When Emily and Stuart Siegel came to Ajo, Arizona, as part of what they called their “Big-Ass American Adventure,” they were struck by both the natural and architectural beauty of the town.
“There was an opportunity (in Ajo) that we had been hoping to create for ourselves elsewhere, and it just presented itself to us right here,” said Stuart Siegel, co-director of the Sonoran Desert Inn & Conference Center along with his wife, Emily.
At the time of their road trip, the Sonoran Desert Inn was still under construction as part of a project by the nonprofit International Sonoran Desert Alliance.
The building was originally an elementary school annex built in the 1940s; the ISDA enlisted the expertise of Tucson architect Rob Paulus to help transform it into the Sonoran Desert Inn.
At 2 p.m. today, July 4, in the Hall of Philosophy, the Siegels will continue the Interfaith Lecture Series by asking “How Many Shrimp Tacos Does it Take to Save an Impoverished Former Mining Town?” as part of Week Two’s interfaith theme, “Common Good Change Agents.” The Siegels will be in conversation with James Fallows, a reporter for The Atlantic and founder of its American Futures project.
Siegel said the decision to stay in Ajo came about during a volunteering stint with the ISDA.
“A lot of people had been coming here and visiting for a long time, but there had never been a place that was a central destination,” he said. “We’re not just a hotel — we’re proactively marketing this town.”
The Sonoran Desert Inn, according to Siegel, functions for Ajo the way a convention and visitors board does for a larger city.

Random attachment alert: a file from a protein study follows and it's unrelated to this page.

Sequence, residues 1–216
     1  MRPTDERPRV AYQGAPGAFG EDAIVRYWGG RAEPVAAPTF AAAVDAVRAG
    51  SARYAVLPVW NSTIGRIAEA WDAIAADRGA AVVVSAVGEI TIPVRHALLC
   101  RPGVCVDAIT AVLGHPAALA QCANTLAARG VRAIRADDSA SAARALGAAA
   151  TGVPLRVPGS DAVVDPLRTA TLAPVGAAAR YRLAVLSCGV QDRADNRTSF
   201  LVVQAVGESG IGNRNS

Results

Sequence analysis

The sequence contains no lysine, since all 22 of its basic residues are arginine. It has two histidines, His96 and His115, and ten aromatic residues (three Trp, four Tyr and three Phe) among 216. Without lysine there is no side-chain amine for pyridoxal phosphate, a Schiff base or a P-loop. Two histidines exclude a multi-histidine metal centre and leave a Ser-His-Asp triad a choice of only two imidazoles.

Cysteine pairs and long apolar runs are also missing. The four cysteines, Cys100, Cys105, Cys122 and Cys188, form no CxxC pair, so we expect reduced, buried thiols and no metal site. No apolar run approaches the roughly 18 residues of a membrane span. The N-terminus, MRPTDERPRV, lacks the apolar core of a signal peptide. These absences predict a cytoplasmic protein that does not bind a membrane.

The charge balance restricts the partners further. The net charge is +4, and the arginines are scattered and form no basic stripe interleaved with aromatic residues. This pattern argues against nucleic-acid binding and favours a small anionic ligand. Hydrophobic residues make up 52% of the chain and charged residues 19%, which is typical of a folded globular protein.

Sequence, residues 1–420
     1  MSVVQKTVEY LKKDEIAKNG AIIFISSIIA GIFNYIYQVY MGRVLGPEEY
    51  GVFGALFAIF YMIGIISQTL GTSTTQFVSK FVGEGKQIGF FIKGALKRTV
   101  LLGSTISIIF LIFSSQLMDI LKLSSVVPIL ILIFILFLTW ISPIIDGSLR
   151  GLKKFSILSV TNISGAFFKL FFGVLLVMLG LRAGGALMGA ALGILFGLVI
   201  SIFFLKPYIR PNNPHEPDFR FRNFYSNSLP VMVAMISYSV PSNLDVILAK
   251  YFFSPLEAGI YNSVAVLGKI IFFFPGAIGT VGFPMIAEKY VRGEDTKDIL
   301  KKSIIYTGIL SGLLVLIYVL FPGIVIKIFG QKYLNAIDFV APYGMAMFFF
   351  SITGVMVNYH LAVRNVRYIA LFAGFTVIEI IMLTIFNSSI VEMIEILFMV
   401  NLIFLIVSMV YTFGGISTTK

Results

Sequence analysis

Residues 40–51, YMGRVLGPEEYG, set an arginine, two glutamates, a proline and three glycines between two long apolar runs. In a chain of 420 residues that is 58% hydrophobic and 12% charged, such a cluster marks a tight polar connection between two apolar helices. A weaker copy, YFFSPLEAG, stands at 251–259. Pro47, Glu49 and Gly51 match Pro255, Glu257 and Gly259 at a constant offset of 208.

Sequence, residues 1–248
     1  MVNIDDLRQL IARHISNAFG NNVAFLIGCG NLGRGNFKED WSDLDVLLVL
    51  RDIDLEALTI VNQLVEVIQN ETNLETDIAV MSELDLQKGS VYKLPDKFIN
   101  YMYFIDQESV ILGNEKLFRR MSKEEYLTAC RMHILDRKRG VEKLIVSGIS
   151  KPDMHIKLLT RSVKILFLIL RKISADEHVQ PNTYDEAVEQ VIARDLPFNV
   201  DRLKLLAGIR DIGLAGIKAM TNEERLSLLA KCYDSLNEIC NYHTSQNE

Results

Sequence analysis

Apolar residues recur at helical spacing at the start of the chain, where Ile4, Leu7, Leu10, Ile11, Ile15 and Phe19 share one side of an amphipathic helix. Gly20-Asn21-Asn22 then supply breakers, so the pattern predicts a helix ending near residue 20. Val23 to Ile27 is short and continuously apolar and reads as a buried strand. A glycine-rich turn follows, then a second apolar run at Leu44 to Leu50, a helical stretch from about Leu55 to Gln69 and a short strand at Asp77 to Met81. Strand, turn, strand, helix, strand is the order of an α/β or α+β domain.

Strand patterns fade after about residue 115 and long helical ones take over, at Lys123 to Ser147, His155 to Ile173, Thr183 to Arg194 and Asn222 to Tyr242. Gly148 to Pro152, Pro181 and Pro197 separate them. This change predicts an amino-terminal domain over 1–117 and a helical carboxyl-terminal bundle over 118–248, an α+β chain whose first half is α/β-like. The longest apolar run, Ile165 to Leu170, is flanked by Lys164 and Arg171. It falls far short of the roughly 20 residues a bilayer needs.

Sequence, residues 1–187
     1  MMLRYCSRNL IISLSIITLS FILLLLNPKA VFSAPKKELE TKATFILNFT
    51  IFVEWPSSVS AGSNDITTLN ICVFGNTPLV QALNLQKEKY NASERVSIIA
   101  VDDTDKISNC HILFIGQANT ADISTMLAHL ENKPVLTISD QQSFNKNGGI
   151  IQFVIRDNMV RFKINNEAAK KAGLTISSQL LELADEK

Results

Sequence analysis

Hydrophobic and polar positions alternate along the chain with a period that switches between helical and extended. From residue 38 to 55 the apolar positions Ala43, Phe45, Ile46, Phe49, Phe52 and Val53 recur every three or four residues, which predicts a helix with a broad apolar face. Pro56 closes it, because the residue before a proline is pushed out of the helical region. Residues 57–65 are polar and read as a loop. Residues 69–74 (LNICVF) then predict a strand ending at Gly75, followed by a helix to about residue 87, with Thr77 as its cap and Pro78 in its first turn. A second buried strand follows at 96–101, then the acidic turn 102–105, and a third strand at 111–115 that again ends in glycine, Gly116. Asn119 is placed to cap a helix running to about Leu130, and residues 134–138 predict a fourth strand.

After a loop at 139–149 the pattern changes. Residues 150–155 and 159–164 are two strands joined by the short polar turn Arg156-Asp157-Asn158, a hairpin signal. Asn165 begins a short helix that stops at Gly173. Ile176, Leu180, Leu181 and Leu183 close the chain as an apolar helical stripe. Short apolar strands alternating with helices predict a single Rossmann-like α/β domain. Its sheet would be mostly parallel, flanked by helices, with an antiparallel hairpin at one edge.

“We work a lot with the (Ajo) Chamber of Commerce; we do a lot of marketing and make connections that bring visitors and press here,” he said.
Around the same time the Siegels first traveled to Ajo, Fallows and his wife, Deborah — who is a fellow for the nonpartisan think tank New America — were visiting the town for The Atlantic as part of their own trip across the United States for the Futures project.
“Ajo, Arizona, is geographically spectacular,” Fallows said. “Sociologically, there’s a tri-national alignment of people there, including the people of the Tohono O’odham tribe.”
But while Siegel and Fallows said the Sonoran Inn had become a cultural hub for Ajo, Siegel emphasized that Ajo’s cultural growth cannot be solely attributed to him and his wife.
“Things in Ajo go through cycles,” Siegel said. “We’re definitely not able to say, ‘the town was in a state of disrepair, and we came in and now it’s magically flourishing.’ That’s not at all the reality.”
According to Siegel, narratives of that nature are often the result of classist or racist prejudices.
“(Some people) want to hear that a couple people with a few good ideas magically saved the town,” Siegel said. “That’s a problematic way to think about things.”
Still, Siegel said he’s “proud to contribute to increased visitation” of Ajo.
“We have a Tuesday night meal series where we give some local chefs the chance to cater for the community,” he said. “We also have the only monthly shrimp taco night in town. We’ll definitely take credit for that one.”